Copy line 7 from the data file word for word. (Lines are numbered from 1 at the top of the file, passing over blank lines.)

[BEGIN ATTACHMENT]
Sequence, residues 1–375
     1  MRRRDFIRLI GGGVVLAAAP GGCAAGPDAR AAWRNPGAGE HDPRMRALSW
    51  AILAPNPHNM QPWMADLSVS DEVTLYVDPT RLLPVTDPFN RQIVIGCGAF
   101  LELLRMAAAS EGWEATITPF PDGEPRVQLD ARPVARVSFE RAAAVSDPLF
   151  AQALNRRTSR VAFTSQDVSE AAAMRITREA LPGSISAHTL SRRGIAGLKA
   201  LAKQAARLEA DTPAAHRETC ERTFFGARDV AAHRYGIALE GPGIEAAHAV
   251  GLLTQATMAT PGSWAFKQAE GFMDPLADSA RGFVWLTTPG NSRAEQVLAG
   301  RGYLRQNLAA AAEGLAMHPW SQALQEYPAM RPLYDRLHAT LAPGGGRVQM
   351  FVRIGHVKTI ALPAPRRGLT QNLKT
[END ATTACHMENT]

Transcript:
   251  GLLTQATMAT PGSWAFKQAE GFMDPLADSA RGFVWLTTPG NSRAEQVLAG